In the first year of my marriage, a friend encouraged me to interview my wife about the effect I had on her each day. Truth be told, I thought it would be an easy interview. After all, we were generally happy — but then shortly into the interview, her tears started flowing.

We could grow so much in our marriages if we didn’t have a panic attack every time our husband or wife takes us to task.

I had no idea how much of a negative effect I had on her. I just assumed that because I had gotten used to my personality during my first 29 years, she would easily get used to it as well. But she was getting hurt — a lot of times by careless communication — and I was missing it, even when she would try to let me know. As I processed the interview with friends and mentors, the experience served as a valuable lesson.

As we married couples grow more and more familiar with each other, we start giving unfiltered and uninvited feedback. If we’re on the receiving end of it, we resist, dismiss, defend, and explain — which is our way effectively ignoring the concerns of our spouse. But the problem with ignoring our spouse’s feedback is that eventually, he or she will start to feel disrespected and invalidated, which can harden into toxic contempt.

We could grow so much in our marriages if we didn’t have a panic attack every time our husband or wife takes us to task. I know that’s much easier said than done — especially when our spouse is only 86% correct in their criticism and we can focus on the 14% that’s wrong. But as Sarah Groves says in her song, “Loving a Person,” “Love and pride can’t occupy the same spaces, baby, and only one makes us free.”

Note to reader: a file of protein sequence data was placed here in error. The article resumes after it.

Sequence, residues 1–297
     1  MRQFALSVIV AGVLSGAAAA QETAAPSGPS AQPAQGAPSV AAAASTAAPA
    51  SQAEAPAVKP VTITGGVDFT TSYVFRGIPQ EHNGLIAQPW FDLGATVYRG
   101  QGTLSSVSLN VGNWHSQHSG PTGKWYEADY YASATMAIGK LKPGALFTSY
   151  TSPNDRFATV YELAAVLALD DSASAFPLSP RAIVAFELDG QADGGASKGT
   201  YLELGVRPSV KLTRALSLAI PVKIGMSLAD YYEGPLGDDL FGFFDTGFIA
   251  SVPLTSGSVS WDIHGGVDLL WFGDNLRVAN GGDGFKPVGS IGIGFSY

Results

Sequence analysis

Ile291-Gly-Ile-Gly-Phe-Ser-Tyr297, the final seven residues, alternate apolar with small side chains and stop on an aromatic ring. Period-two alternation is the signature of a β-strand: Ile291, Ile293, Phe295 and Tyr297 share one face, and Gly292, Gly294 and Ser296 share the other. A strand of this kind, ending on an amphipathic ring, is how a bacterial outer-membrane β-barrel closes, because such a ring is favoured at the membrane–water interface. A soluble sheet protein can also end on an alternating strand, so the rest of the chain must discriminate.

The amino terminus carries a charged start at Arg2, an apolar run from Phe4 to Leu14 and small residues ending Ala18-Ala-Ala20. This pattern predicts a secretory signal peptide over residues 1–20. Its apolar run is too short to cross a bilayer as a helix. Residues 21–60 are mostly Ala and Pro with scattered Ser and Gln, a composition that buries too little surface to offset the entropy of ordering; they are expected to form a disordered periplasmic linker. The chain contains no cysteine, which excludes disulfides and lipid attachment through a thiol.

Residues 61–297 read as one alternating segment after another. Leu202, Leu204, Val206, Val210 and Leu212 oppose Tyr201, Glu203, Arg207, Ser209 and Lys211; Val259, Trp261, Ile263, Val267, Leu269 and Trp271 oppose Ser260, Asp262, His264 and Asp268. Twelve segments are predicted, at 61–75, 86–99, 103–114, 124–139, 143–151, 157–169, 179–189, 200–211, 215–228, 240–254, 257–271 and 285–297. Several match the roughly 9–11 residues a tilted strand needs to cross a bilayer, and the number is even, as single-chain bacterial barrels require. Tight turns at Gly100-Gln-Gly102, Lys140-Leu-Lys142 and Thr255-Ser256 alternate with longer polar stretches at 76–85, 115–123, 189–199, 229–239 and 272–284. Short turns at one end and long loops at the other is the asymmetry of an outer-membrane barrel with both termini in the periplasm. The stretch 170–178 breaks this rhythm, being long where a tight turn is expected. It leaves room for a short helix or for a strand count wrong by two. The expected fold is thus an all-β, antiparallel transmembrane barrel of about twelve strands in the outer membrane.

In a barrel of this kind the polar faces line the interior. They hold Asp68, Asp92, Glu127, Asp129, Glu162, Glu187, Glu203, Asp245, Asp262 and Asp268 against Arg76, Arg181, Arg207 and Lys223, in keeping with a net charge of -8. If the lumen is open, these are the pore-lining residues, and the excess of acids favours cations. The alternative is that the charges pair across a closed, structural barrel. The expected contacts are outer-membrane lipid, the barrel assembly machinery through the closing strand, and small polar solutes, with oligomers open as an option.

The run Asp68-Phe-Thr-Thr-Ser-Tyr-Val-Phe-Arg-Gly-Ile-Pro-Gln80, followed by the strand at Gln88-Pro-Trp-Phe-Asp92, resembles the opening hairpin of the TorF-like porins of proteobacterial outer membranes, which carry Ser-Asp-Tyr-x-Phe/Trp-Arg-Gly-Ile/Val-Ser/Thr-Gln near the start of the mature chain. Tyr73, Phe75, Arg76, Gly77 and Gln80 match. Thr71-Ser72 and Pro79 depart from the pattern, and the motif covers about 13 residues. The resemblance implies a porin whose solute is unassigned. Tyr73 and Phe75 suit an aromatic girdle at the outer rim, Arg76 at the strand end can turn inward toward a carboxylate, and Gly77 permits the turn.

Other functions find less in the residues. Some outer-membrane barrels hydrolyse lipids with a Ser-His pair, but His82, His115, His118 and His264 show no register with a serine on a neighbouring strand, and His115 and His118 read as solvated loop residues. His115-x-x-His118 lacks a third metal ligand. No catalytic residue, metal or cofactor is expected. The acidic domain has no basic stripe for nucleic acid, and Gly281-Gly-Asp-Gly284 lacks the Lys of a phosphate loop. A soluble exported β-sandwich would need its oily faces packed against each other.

Why not consider doing a little interview with your spouse? Remember, all you’ve got to do is take notes and ask questions. You’re relieved of your duties as your personal defense attorney. Then ask these questions and let the self-discovery begin. [i]

1.       What’s it like to be on the other end of my personality?

2.      What are some ways I’m doing a good job as a spouse?

3.      What are some ways I could be a better spouse?

4.      Do you feel like I understand your frustrations?

5.      What do you see in my life that’s off-putting?

6.      What do you see in my life that you admire?

7.      Where do you see my life headed in five to ten years?

8.     What do other people think of me but don’t have the courage to say?

9.      Go ahead and share the 10% you may be holding back.

When I suggest this exercise to others, they invariably say, “Oh, I already know what the answers to these questions are. I don’t have to ask.”

Not so fast.

You may have an idea what your spouse might say, but there’s nothing like allowing your spouse to speak for him or herself. So go ahead — try it, and when you do, let the experience to be humbling instead of humiliating. In that place of humility, you can learn about your imperfections from the person who knows them best. And you might just have the courage to change for love’s sake.

Author's note: The suggested interview and listed questions were adapted from the book Integrity by Dr. Henry Cloud and a sermon by Aaron Damiani.